Facebook may be a stretch. It provides too many opportunities to cross over into personal life with professional/educational life.  Not a good place for file delivery. It has potential, but I’m not ready to use it as a “learning tool”.

How about Google?

Google-Apps-for-EducationA group on Google+, “Using Google as a Free LMS” explores the idea K-12 and higher education using Google as a free learning management tool. The concept of using a tool that may be already in the hands of students and sure likely to be around in 10 to 20 years makes sense for exploring this concept.

What do we know so far? We know that Google is a long-standing company. We know that their tools in the simplest form can be used in education. The tools are great for collaboration and sharing. Digital portfolios can be created with sites and blogs. Conversation can happen in discussion groups, Google+ circles, and comments on documents, presentations, and drawings. It is no secret that Google is a leader in providing learning tools for students. These tools can be carried with them into the real world as well as the products they have created. A digital portfolio that can be recycled into adult use.

How does it fare with time efficiency? Google has presented itself as the easiest most diverse online environment to date.  All you need is a free Gmail account. The library of tools Google provides integrates nicely with each other. File management and online sharing are a cinch. Google apps for education/business allow for administrative control. It can be deployed throughout the entire school community with little professional development. Moreover it is cross-platform.. And it syncs with a phone or tablet.

Daccord, Tom. Future Learning Spaces, edtechteacher/MassCUE Leading Learning the Future 2013, Worcester MA. https://www.youtube.com/watch?feature=player_embedded&v=v60B0v48O0o

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Google Hangouts App: The Death of SMS?

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I’m so excited about the functionality of the new Google Hangouts app. Using a smart phone, PC, iPad, or other tablet, dual platform and video calls work over Verizon 4G LTE, and up to 10 people can videoconference at one time. Finally an opportunity to cut the lines of the overpriced text-messaging service forever. Everyone must embrace this breakthrough so it will be certain death to SMS forever!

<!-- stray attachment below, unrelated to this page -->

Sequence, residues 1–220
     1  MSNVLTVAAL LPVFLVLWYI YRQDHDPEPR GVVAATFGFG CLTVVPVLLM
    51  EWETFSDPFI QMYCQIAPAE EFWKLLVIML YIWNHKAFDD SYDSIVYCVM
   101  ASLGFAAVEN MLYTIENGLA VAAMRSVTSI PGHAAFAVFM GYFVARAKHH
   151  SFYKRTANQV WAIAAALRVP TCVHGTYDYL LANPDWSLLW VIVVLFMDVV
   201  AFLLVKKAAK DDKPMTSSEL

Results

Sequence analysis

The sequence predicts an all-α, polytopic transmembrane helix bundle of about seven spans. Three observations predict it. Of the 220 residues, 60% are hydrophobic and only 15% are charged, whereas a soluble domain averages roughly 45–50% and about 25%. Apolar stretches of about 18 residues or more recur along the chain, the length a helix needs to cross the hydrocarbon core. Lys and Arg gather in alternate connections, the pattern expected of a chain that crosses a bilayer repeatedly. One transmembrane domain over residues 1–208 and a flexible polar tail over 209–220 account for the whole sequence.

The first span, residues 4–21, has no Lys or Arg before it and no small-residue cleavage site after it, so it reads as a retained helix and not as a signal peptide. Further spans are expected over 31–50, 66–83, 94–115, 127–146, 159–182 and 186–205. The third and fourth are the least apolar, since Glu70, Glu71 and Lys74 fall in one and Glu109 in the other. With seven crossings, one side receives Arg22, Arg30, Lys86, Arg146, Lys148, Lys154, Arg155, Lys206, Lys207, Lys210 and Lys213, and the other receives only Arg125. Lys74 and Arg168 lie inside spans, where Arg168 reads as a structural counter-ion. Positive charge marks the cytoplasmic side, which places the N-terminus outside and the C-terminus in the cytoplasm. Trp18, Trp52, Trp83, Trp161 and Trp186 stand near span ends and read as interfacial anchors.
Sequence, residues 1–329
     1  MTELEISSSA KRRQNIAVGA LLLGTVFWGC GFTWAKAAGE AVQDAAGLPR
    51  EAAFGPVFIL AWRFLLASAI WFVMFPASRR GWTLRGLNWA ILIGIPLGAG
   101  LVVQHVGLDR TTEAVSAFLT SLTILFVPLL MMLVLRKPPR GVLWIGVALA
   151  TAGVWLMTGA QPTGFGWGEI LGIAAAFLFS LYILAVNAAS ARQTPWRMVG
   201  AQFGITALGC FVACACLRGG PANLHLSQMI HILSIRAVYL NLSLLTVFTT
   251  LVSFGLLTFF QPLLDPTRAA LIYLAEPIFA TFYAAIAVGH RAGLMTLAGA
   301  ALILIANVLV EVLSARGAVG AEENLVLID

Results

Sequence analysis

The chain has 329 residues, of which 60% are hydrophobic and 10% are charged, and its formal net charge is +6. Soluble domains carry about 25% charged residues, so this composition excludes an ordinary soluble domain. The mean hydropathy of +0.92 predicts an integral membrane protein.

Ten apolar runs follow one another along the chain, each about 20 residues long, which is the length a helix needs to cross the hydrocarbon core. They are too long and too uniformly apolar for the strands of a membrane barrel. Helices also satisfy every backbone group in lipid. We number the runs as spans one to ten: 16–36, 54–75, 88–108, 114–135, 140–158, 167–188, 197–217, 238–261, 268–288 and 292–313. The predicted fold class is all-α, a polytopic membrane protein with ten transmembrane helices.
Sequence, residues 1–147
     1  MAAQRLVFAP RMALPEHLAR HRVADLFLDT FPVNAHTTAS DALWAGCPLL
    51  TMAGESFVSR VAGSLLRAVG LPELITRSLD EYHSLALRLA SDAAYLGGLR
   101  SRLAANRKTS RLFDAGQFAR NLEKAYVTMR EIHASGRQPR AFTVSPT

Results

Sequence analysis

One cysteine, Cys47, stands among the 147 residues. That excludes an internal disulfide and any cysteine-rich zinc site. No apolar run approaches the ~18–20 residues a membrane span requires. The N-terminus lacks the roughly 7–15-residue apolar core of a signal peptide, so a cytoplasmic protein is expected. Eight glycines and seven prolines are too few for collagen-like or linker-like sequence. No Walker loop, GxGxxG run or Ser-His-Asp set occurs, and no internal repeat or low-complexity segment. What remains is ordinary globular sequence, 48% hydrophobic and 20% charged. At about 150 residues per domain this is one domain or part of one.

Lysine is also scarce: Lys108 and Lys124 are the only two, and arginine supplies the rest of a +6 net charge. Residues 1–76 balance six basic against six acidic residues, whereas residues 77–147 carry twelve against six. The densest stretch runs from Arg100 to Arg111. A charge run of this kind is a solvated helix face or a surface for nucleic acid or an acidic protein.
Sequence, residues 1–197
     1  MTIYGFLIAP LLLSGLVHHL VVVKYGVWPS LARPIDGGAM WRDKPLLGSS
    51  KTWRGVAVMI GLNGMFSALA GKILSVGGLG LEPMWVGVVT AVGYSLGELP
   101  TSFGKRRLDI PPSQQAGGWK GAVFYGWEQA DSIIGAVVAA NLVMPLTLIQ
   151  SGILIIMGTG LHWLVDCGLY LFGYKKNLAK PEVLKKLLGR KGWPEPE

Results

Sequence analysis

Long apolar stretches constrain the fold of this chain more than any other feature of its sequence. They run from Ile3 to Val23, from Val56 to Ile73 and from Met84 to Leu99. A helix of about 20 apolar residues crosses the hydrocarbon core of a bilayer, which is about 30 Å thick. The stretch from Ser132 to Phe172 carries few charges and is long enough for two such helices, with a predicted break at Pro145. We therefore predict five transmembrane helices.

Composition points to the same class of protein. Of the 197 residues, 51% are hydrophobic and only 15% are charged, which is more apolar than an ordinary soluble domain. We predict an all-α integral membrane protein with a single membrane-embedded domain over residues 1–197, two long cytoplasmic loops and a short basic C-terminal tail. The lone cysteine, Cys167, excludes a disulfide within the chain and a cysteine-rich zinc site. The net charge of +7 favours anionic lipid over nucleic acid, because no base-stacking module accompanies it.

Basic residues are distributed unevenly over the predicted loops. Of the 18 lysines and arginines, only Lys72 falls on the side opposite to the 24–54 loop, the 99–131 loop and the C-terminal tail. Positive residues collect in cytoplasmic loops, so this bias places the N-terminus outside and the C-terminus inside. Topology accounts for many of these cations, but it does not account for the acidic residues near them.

I can be at my computer and message my family directly to their phones or iPads. This is revolutionary, in my humble opinion. So where’s the buzz? I wonder when the phone carriers are going to notice a hit on the SMS. I only wish I held onto my unlimited data plan a while back.

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What, No Google Maps?: A “My Tracks” Android Review

In the news iOS is getting a bad rap for its drop of Google maps. They have their reasons for it I’m sure. I’m still enjoying my accurate turn-by-turn navigation with my Android device. It never ceases to amaze me the progress of Google maps with its integration into Google earth. My favorite and most useful app today, My Tracks, has been a companion of mine for years and has recently had an upgrade which merges its content onto Google earth. Just the other day I was tracking one of my mountain bike rides, and at the end I saw there was a play button. It switched to the Google Earth app and played the track I just did. That was a very exciting discovery.

I enjoy mapping trails that I ride to help me find the best loops. More often than not, I struggle to find maps online that include the carefully crafted biking trails of the local biking groups and bike shops. If I do find them, they do not include information about which loops are ideal and in which direction. So personalizing my maps as I discover them is most adventurous.  I still benefit from exploring new trails and marking up my own set of maps at the same time.

My Tracks can be shared in an instant on Google Maps right after hammering through the trails. Waypoints can be added with ease and the data, which includes speed, distance, max speed, time, average speed  (overall and moving), elevation and grade, are all easily exported to Google Docs and Google Fusion Tables, too. Those maps are then shared with a simple link that any platform can handle. Well, almost any.

Smart Board with Smart Savings: iPads and Tablets in Education (Part 1)